STATEWIDE — Miami-Dade County's mayor says masks will again be required at indoor county facilities, following new federal guidelines recommending that even people vaccinated against COVID-19 should wear masks indoors. That reversal has reignited a debate among the Florida's political leaders.
Meanwhile, Florida State Rep. Anthony Sabatini (R-District 37) of Howey-in-the-Hills on Wednesday called on Gov. Ron DeSantis to immediately convene a Special Legislative Session to ban local government and school district mask and vaccine mandates.
Mayor Daniella Levine Cava said the decision in Miami-Dade is a response to the surge in new cases and hospitalizations. The mayor didn’t announce any mandates for businesses or restaurants but said she was strongly recommending that everyone wear masks in large crowds or close spaces.
A state law signed in May gives Republican Florida Gov. Ron DeSantis the power to invalidate local emergency measures put in place during the pandemic, including mask mandates and limitations on business operations.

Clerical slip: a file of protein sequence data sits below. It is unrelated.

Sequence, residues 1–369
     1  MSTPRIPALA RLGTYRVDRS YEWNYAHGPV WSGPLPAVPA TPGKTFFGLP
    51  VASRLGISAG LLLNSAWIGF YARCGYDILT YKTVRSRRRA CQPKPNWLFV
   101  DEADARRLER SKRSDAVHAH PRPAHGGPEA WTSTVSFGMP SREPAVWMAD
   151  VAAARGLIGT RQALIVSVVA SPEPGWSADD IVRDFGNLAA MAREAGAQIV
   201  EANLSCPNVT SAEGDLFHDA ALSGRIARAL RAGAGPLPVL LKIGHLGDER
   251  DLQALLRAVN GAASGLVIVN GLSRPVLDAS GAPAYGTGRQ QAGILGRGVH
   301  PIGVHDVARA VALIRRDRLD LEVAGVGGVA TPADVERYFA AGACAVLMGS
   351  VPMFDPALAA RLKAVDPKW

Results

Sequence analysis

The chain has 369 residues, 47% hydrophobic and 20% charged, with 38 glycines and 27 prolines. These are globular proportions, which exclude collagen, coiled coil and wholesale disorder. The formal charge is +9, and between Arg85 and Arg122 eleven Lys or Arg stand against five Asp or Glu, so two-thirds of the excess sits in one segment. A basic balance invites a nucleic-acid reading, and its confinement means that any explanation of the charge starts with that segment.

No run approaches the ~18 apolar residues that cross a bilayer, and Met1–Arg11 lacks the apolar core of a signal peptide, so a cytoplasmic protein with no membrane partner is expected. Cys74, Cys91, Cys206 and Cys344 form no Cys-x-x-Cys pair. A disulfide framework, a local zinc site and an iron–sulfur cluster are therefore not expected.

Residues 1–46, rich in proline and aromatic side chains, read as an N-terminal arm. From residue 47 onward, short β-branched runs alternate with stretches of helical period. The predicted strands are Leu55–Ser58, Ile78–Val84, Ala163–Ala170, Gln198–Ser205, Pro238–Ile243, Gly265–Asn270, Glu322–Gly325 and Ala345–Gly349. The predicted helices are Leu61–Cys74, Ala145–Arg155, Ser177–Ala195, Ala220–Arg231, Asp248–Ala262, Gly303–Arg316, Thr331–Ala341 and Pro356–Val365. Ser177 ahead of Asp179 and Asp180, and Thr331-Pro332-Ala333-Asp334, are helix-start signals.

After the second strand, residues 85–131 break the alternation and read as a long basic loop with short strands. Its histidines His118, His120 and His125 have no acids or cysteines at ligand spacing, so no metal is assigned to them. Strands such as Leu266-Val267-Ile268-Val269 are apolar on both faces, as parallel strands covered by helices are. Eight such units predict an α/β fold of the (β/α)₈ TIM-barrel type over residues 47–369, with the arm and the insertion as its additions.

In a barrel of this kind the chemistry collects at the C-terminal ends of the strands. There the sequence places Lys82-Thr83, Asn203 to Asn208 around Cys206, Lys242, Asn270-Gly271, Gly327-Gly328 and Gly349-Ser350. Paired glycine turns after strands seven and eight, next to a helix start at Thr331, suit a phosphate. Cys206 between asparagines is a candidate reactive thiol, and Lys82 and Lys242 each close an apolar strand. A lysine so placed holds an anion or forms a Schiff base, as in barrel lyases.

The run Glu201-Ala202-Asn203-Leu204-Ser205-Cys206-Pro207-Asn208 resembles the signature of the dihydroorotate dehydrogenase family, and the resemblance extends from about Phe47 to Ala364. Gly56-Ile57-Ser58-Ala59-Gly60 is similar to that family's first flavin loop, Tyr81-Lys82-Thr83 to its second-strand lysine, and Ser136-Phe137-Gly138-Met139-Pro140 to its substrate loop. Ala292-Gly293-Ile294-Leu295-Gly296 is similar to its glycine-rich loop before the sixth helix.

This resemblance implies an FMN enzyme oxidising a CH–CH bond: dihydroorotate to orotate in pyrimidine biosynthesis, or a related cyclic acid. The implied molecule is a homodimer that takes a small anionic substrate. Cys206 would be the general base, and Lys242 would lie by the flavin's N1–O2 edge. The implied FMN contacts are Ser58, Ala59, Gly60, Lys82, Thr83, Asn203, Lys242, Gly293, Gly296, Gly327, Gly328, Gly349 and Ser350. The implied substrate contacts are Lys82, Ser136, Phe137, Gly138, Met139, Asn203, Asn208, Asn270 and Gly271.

“We have all come too far. We have all sacrificed too much in this past almost year and a half. We cannot turn back now,” Levine Cava said. “It is essential that we do everything we can to keep building on the progress that we have made.”
Sabatini, who has said repeatedly said COVID-19 has a low-mortality rate and filed several lawsuits to try to block mask mandates, called Orange County Tax Collector Scott Randolph a “far-left zealot” for ordering his staff members to get vaccinated by Aug. 31 or be fired from their jobs.
"These heavy-handed approaches are un-American and should never be allowed to occur in Florida," Sabatini said in a statement. "We must intervene and stop them. Florida’s response to COVID-19 should always be based on the principles of individual responsibility and freedom: we should trust individual citizens and communities to make their own health choices—not incompetent government entities. We should not sit idly by as the rights of citizens are violated.”
Leaders in the Orange County tax collector’s office said their six agencies see more than 20,000 people weekly, and they want to make sure they’re protecting everyone who comes through their doors from getting sick.